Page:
Halo Top promises shoppers the indulgence of ice cream without the guilt, and millennials are eating it up. Literally.
The brand launched in 2012, but it did not explode until 2016. Halo Top has become one of the most Instagram-able products available in the frozen dessert aisle, with 28.8 million pints sold last year, generating $132.4 million in sales, according to data from IRI.
Halo Top's growth reflects shoppers' growing desire to shop for healthy, unique products from small brands. That's good news for brands like Halo Top, but that doesn't necessarily mean traditional ice cream brands are doomed — although they may need to play catch up.
Ice cream is still a profitable industry: last year, sales reached $6.6 billion, up 3.4 percent, according to Nielsen. But conventional products aren't necessarily driving the growth. While the sales for the whole category increased, sales of products that fit within the Food and Drug Administration's definition of "healthy" grew 85 percent last year.
"There's no turning back here. This is not a fad," said Jack Ringquist, principal and global consumer products leader, Deloitte Consulting. "This is truly an evolution that's occurring and (big companies) need to truly adjust to become positive players as opposed to resistors."
'Consumers are paying attention'
Small companies are driving growth throughout the food industry, according to research from Nielsen. Halo Top is leading the effort in the pint section of the frozen desert aisle. The brand is privately owned and is still run by Justin Woolverton, its 36-year-old founder.
Woolverton used to make ice cream for himself in his spare time. His hypoglycemia prevented him from eating store-bought ice cream because it was high in sugar, so he experimented with Greek yogurt and fruit.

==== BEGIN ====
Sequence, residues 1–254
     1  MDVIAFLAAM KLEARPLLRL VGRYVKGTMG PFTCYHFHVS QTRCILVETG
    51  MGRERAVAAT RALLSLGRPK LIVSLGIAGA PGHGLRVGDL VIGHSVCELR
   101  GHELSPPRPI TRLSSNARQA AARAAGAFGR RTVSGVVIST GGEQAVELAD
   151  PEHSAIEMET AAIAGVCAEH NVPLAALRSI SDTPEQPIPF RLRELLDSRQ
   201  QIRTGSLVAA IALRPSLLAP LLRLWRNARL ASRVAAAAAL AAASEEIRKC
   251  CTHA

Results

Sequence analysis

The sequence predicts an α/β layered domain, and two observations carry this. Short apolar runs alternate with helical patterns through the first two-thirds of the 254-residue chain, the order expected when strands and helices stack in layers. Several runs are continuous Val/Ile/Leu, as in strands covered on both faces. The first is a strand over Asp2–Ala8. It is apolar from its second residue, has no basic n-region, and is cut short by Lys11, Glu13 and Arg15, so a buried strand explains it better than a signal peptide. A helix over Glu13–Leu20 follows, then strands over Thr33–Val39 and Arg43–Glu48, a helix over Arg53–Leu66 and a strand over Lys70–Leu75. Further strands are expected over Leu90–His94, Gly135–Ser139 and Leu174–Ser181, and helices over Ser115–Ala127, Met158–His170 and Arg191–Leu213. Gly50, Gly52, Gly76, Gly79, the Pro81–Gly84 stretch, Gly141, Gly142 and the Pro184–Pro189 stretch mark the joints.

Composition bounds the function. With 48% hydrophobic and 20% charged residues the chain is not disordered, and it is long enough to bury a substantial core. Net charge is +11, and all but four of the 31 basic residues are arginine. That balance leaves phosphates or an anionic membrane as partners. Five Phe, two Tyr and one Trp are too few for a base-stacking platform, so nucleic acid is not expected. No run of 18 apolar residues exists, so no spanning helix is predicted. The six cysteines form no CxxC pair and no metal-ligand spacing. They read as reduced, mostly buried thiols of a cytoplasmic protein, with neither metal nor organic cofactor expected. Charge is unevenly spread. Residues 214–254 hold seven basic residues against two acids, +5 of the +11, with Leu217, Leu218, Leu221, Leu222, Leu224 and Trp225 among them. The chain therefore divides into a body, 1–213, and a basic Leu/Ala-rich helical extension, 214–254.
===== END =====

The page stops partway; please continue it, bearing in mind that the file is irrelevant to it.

He stumbled upon a cheap ice cream maker on Amazon and decided to test out a new recipe. When he tasted it, he had a "eureka" moment, knowing he had created something other people would want to eat. He convinced an ice cream factory to let him use their equipment and spent the next two years toying with the recipe when he wasn't working at a law firm.
Once Woolverton was satisfied with his product, he quit his job and focused on getting his ice cream, which was then called Eden Creamery, in stores around Southern California in 2012. After being sued for copyright infringement, Woolverton rebranded his product Halo Top.
He was sued again by another company in 2015. He was allowed to keep the name, but he had to change the packaging, which he considers a lucky break. The new packaging put its nutrition facts "front and center," prominently displaying the calorie count of the entire pint on the front of its cartons.
One-half cup of Halo Top's vanilla ice cream is 60 calories, while one-half cup of Ben & Jerry's ice cream is 250 calories. Woolverton knew the difference would be attractive to shoppers, but he did not realize how much it would drive sales. Customers may buy three or four pints at a time because it's lighter, so they may feel better about it eating it more often, he said.
"We built kind of a lifestyle ice cream that you can stock up in freezer," he said.
But Ben & Jerry's does not necessarily mind the difference.